Buthelezi talks Indian ‘social cohesion’
INKATHA Freedom Party leader Prince Mangosuthu Buthelezi will address the Consulate General of India in Durban this morning on the impact of the arrival of Indians on the culture of South Africa as efforts continue for social cohesion, particularly between Indians and Africans.
Earlier this year, at a Human Rights Day celebration, Buthelezi lauded the Indian community in Kwazulu-natal for assisting him fight apartheid financially as well as the efforts it had undertaken to build schools for black people when his party headed the provincialgovernment in the 1990s.
Last month marked the 158th anniversary of the arrival of Indian indentured labourers on South African shores, under the promise of a better life, to work on sugar-cane plantations and in agriculture.
Neeshan Balton, executive director of the Ahmed Kathrada Foundation, said that there was no specific South African culture as that was still work in progress.
“Only in 1960 or 1961 were Indians accepted as residents of South Africa, up until then the agenda of the National Party was to repatriate them,” said Balton.
He said that it was after the dawn of democracy in 1994 that different cultures and communities in SA would have had a greater possibility of exchanging and understanding each other’s culture.
“The impact of any specific group’s culture on the others in this country has been minimal, precisely because of the divisions of the past. However, there are aspects of Indian culture that I think would be of benefit to the future South African culture.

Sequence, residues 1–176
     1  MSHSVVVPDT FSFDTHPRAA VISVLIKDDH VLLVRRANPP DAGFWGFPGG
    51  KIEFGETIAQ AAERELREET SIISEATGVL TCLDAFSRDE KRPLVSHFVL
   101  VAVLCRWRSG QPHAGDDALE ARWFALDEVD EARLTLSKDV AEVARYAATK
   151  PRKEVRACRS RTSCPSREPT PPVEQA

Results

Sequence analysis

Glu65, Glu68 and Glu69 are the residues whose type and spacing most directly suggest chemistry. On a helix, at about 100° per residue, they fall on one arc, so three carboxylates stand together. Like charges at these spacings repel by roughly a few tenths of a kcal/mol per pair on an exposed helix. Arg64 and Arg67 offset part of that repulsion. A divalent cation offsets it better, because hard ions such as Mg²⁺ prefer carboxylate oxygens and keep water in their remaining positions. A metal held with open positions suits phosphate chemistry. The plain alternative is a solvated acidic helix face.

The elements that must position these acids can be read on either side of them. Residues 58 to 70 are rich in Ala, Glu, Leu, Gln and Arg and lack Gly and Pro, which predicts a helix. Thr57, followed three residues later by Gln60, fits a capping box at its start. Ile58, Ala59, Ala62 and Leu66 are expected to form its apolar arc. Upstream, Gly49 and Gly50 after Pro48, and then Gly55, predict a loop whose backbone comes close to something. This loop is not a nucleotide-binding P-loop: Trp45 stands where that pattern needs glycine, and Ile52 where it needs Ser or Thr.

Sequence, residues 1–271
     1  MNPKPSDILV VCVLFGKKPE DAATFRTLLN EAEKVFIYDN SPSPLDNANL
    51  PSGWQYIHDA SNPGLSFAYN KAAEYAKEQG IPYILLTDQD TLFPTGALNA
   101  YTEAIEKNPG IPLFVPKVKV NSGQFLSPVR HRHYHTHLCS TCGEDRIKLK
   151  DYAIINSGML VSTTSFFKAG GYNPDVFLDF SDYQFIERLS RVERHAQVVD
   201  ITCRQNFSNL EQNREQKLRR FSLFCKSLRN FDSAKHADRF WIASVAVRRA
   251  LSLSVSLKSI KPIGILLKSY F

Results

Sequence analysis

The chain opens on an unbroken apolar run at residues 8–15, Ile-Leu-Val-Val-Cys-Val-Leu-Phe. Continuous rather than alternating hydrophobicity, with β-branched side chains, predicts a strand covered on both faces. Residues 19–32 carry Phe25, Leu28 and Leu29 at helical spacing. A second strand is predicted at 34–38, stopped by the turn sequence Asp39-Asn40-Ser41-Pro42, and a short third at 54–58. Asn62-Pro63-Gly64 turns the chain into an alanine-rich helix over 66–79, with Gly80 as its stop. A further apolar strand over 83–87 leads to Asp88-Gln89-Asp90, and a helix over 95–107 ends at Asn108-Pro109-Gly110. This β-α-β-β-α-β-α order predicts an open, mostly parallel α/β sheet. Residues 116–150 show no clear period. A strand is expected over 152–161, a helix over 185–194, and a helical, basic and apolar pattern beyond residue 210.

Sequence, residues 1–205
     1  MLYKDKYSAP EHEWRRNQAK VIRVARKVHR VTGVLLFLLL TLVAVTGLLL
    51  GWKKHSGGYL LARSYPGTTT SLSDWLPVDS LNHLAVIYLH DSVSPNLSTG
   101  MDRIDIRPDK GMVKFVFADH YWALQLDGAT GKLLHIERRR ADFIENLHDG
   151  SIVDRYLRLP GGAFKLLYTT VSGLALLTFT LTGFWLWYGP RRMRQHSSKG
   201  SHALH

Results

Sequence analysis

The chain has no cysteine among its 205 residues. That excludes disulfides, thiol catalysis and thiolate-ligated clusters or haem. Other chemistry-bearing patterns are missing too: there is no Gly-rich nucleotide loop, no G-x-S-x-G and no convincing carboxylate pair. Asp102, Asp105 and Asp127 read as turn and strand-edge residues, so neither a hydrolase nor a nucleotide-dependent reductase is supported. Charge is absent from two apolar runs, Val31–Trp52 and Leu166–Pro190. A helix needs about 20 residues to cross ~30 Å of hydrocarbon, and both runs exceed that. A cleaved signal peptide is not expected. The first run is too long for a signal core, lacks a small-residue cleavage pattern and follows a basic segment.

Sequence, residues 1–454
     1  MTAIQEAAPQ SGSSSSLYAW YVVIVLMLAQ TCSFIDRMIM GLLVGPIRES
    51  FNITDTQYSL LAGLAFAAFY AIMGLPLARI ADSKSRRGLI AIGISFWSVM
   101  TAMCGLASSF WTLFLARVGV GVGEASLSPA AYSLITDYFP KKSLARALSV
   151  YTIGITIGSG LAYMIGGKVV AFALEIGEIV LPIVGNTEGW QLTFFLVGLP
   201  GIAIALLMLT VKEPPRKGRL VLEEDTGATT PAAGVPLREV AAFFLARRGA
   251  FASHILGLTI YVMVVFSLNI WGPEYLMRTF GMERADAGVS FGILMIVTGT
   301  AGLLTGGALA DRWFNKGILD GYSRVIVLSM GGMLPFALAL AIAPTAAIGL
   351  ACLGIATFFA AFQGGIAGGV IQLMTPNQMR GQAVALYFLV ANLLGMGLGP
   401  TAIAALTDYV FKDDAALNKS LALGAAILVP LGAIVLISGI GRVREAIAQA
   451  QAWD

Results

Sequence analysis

“The emphasis on education that has emerged in the last 20 or 30 years has really been something that has put that community in a good stead and has enabled it to take major advantages of this democracy,” Balton said.
He added that South Africans were currently at a stage of tolerance where they accepted each others’ languages, music and religion.
However in recent years, despite efforts for social cohesion, political leaders such as Julius Malema, leader of the Economic Freedom Fighters, had been vocal on the tensions between Indians and Africans.
In June, during a Youth Day rally, Malema said that the majority of Indians were racist and that they hated Africans.
However, Balton agreed that there had historically been tensions between Indians and Africans.
“Many of those tensions were really amongst poor Africans and poor Indians fighting for very, very scarce resources and jobs particularly in the KZN area and those divisions were deepened by Group Areas divisions, educational divisions and job classification divisions with communities pitted against each other,” Balton said.
He warned that leaders who made generalised statements did not help to address the problem.
MINISTER Jeff Radebe said the SA Nuclear Energy Corporation ran into a series of governance issues.